For any turbo trainer a relationship exists between the wheel speed and the resistance of the brake. For a standard turbo trainer this relationship is typically a somewhat arbitrary approximation to the resistance experienced when cycling outdoors. However, for a cycling simulator, the relationship should attempt to closely mimic the behaviour observed out on the road. Clearly the extent to which the actual behaviour is modelled determines the quality of the simulation.
In a standard turbo trainer there is no automated feedback between the speed of the wheel and the resistance of the brake. Ignoring any manual resistance controls, a fixed relationship exists between wheel speed and brake resistance, whilst the inertia of the cyclist and bike is often simulated with a flywheel. The key difference between this and an ergo trainer is that in an ergo trainer there exists a feedback loop between brake resistance and wheel speed. The feedback loop can be used to match the brake resistance to that expected under specific conditions. Essentially this is achieved by matching the total power expended by the brake with the estimated required power for cycling under the simulated conditions.
In Cyclismo we calculate power using the model derived by Martin et al. which has been validated against real world tests. This model takes into account the following:
- Rider and bike mass
- Drag area
- Local wind speed and direction
- Yaw angle
- Bearing friction
- Rolling resistance
These quantities are then used to estimate the required cycling power, whilst inertia can be simulating by keeping track of the system energy and clamping the speed at a level suitable for the present reserve. We note that whilst some terms such as bearing friction are negligible, the model has been implemented in its entirety for completeness. In the future we will add corrections for the brake and flywheel inertia.
Mapping speed, power and brake resistance
To implement the power model described in the preceding section it is necessary to know how the power produced as function of wheel speed varies with the brake resistance. By obtaining a calibration map linking these three quantities one can adjust the brake resistance according to the current cycling conditions.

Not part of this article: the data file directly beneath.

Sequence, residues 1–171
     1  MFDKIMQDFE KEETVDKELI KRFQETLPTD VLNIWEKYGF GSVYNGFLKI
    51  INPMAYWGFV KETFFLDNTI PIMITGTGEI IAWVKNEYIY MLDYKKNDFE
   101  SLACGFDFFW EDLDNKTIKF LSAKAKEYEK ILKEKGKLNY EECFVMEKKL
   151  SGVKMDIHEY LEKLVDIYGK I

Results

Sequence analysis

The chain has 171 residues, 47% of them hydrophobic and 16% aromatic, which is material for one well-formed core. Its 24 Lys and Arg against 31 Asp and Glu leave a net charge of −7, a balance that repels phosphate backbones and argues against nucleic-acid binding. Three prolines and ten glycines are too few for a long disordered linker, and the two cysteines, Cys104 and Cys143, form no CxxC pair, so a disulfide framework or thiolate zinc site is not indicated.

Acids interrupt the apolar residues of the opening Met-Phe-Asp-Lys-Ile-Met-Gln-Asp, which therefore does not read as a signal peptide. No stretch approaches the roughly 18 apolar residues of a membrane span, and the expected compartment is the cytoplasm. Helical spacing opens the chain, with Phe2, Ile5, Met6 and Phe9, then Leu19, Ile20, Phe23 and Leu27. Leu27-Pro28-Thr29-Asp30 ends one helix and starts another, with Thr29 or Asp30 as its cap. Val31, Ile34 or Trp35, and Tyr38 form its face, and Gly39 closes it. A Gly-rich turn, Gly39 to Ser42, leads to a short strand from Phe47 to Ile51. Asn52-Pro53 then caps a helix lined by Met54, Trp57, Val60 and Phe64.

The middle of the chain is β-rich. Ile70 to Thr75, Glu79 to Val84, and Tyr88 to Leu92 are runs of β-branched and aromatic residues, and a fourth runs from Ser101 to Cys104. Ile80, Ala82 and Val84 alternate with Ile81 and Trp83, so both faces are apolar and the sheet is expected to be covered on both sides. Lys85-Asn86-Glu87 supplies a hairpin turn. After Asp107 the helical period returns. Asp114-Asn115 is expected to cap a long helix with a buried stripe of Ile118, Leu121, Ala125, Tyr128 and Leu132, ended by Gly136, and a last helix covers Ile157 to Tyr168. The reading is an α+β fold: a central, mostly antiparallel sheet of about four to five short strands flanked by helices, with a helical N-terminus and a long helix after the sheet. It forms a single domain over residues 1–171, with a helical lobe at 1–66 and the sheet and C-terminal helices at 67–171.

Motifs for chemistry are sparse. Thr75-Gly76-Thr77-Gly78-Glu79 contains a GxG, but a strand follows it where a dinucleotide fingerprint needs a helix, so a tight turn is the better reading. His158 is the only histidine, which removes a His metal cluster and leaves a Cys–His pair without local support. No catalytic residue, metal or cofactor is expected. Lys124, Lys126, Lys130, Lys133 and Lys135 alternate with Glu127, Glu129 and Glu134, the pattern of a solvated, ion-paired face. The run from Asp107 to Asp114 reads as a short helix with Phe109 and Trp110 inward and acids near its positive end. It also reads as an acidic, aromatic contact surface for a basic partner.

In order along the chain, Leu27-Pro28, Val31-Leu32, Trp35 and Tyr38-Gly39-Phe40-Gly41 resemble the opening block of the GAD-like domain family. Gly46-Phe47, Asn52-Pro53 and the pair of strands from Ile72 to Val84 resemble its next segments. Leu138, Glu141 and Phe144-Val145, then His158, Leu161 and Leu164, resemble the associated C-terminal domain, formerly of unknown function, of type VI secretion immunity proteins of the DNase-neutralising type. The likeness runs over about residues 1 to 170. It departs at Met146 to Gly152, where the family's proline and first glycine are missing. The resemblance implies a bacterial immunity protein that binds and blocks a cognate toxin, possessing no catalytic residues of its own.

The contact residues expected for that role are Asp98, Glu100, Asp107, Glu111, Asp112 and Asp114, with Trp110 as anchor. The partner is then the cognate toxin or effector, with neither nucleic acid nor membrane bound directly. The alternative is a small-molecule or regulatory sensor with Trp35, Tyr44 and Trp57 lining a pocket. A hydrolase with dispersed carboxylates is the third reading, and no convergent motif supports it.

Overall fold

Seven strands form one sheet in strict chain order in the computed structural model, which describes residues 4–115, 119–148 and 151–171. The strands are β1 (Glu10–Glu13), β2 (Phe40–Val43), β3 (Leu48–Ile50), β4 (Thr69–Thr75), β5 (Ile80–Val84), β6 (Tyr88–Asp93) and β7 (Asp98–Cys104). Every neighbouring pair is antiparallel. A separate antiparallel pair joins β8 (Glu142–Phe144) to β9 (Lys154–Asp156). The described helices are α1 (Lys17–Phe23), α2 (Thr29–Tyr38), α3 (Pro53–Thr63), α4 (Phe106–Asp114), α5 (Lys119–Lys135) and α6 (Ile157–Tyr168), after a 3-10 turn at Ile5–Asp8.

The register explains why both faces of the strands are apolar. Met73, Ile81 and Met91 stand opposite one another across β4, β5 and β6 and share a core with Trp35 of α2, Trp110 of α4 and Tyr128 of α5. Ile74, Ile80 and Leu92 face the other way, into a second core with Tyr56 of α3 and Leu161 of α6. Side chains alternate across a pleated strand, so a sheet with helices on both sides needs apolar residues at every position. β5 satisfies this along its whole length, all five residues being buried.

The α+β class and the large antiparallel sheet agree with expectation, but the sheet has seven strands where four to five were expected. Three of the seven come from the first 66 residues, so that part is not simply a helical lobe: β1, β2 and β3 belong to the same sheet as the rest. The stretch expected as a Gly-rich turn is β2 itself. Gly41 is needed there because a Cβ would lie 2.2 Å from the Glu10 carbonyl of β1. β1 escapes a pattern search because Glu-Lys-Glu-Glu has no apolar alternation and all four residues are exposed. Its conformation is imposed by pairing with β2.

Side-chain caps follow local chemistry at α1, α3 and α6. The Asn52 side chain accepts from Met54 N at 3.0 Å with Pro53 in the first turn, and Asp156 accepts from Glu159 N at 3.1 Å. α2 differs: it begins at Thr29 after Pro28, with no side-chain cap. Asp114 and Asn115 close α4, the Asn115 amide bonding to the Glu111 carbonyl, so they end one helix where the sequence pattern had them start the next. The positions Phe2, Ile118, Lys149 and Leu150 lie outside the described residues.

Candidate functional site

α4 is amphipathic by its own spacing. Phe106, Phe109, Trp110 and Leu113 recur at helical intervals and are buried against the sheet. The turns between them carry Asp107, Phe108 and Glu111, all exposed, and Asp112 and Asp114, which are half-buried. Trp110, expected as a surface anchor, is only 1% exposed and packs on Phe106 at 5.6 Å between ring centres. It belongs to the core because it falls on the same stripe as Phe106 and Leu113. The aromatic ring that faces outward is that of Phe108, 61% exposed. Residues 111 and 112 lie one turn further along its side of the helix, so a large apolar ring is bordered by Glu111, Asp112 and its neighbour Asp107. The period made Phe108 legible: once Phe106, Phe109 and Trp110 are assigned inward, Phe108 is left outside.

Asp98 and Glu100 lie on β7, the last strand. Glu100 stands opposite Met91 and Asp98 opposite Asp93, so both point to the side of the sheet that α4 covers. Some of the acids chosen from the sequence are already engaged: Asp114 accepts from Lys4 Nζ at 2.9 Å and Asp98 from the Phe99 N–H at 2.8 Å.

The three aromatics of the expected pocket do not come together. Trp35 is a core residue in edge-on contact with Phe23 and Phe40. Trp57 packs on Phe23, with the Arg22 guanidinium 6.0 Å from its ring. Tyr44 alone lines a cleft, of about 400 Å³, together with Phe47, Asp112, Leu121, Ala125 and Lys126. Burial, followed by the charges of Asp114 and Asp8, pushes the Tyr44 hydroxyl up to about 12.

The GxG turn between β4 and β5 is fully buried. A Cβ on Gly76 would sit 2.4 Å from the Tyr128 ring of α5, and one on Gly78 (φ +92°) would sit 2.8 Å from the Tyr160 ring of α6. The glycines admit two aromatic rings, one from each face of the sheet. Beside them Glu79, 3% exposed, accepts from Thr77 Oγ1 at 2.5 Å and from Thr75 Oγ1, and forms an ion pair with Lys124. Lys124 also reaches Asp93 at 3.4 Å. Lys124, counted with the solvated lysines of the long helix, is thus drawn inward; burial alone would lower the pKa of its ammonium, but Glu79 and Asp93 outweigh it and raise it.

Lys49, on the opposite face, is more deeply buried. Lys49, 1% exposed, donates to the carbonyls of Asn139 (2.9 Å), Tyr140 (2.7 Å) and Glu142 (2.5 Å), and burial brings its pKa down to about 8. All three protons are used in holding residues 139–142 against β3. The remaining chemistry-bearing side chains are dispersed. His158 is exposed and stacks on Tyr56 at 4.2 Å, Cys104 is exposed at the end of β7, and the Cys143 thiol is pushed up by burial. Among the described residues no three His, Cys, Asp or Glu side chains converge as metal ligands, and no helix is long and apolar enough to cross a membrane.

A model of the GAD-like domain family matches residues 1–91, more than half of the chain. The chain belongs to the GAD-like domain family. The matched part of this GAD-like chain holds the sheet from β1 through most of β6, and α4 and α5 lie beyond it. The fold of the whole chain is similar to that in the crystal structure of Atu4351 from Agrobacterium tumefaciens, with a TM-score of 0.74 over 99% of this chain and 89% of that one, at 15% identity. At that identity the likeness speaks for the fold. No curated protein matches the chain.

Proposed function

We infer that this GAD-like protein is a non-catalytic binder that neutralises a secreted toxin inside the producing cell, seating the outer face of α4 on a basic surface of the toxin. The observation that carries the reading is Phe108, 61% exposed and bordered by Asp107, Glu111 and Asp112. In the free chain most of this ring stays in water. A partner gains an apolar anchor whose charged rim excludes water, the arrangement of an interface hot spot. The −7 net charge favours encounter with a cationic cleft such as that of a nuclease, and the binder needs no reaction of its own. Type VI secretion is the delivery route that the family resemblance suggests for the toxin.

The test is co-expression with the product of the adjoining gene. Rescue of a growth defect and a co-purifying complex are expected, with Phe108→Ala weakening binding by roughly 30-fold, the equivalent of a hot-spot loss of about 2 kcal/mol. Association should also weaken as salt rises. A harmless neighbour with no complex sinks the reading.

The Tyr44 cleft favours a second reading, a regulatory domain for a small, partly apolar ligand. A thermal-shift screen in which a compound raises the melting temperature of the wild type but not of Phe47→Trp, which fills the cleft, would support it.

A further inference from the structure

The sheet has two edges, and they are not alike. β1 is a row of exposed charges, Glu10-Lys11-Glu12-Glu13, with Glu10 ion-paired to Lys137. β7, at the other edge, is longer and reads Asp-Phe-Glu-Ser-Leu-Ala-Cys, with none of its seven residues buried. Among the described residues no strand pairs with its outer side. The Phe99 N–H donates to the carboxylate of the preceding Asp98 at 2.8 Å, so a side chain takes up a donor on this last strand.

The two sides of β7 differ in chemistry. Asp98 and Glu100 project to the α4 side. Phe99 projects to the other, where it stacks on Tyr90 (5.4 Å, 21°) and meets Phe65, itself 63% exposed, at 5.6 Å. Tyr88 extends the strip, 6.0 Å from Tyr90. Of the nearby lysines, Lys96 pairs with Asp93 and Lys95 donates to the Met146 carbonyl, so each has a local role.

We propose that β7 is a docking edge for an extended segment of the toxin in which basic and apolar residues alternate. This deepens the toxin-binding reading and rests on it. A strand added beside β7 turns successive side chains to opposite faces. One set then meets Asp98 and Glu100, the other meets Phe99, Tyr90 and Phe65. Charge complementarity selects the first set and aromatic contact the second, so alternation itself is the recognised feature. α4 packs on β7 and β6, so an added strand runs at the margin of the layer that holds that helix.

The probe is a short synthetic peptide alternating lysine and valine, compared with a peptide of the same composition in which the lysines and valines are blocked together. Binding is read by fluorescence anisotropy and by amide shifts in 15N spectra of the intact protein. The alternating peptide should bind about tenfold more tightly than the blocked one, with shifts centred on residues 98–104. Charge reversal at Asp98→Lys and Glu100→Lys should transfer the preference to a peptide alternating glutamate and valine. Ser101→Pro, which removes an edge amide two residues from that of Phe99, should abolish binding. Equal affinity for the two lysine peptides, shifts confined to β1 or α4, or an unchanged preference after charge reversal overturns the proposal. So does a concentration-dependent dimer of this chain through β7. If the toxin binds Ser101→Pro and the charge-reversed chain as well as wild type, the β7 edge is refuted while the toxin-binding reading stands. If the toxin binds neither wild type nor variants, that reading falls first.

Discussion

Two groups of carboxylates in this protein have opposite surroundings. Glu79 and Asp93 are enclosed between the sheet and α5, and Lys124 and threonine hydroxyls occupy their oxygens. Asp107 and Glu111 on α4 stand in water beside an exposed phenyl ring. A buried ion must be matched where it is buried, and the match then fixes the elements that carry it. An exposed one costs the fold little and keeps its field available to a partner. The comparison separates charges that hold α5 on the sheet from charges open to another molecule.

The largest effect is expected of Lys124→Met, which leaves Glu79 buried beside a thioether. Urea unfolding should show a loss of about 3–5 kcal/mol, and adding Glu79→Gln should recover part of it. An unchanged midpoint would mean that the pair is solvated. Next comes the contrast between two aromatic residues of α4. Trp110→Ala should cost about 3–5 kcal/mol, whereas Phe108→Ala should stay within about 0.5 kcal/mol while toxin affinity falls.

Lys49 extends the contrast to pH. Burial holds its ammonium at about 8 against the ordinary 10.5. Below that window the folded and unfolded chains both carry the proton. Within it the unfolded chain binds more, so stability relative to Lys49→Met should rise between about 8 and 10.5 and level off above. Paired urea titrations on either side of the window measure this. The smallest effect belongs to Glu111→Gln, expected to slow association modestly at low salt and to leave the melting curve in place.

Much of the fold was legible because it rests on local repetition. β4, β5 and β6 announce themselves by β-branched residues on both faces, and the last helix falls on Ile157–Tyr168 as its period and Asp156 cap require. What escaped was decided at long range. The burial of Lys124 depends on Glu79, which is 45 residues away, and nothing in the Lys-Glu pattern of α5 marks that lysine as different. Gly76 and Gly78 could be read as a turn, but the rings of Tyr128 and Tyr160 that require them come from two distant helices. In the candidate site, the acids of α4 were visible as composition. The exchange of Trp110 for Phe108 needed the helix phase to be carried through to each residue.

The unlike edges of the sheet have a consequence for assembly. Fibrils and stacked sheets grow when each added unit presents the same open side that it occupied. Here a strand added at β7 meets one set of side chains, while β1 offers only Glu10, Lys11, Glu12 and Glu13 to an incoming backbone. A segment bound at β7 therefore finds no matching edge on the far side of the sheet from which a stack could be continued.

There are various ways of ensuring that cycling power and speed are consistent, however we consider it advantageous to calculate a ‘virtual’ cycling speed from the actual power produced by the rider. This way one can easily utilise power measurements from external devices such as hub or crank based sensors.
Once the virtual speed has been computed, an appropriate brake resistance can be calculated to force the wheel to the virtual speed This is achieved using the calibration map, and effectively forces the actual wheel speed to be equivalent to the predicted wheel speed for the current cycling conditions.
Calibrating the Tacx Bushido
We performed a trial calibration by recording power output as a function of actual wheels speed at fixed brake resistances. The results are shown in the figure below.
In the top figure we plot the raw calibration data which has been measured for fixed brake resistance intervals of 50, ranging from -300 to 1000. We note that the Bushido has a dead zone below a resistance of about 250 where any further reductions in resistance have little or no effect. Resistances above 1000 were not tested as the wheel starts slipping on the brake even when pedalling smoothly with a low gear and high wheel-brake compression. Above resistances of ~250 we observe steady increases in the amount of power produced for a fixed wheel speed, and that power is approximately a linear function of wheel speed below about ~70km/h.
Taking these observations into consideration we fit a surface to the calibration data by first fitting linear regression lines to each fixed resistance series and extrapolating within reasonable bounds. This helps to ensure a reasonable surface fit at powers in excess of what we were able to produce during calibration.
The surface fit is shown in the background of the top figure where it is compared to the observations, and in 3D in the bottom figure. In both cases it has been bounded such that the brake resistance is kept between 250 and 1000 which in our opinion are reasonable limits.
We have implemented the speed, power, resistance map described by the bounded surface fit in Cyclismo alongside two other methods; one which utilises a PID controller, and another which is based on the OEM brake speed map. We hope that the former two models will help to create a more realistic cycling experience and have the additional advantage that the Bushido head unit is no longer required!
The fitting tool used to generate these plots and the raw calibration data is available here.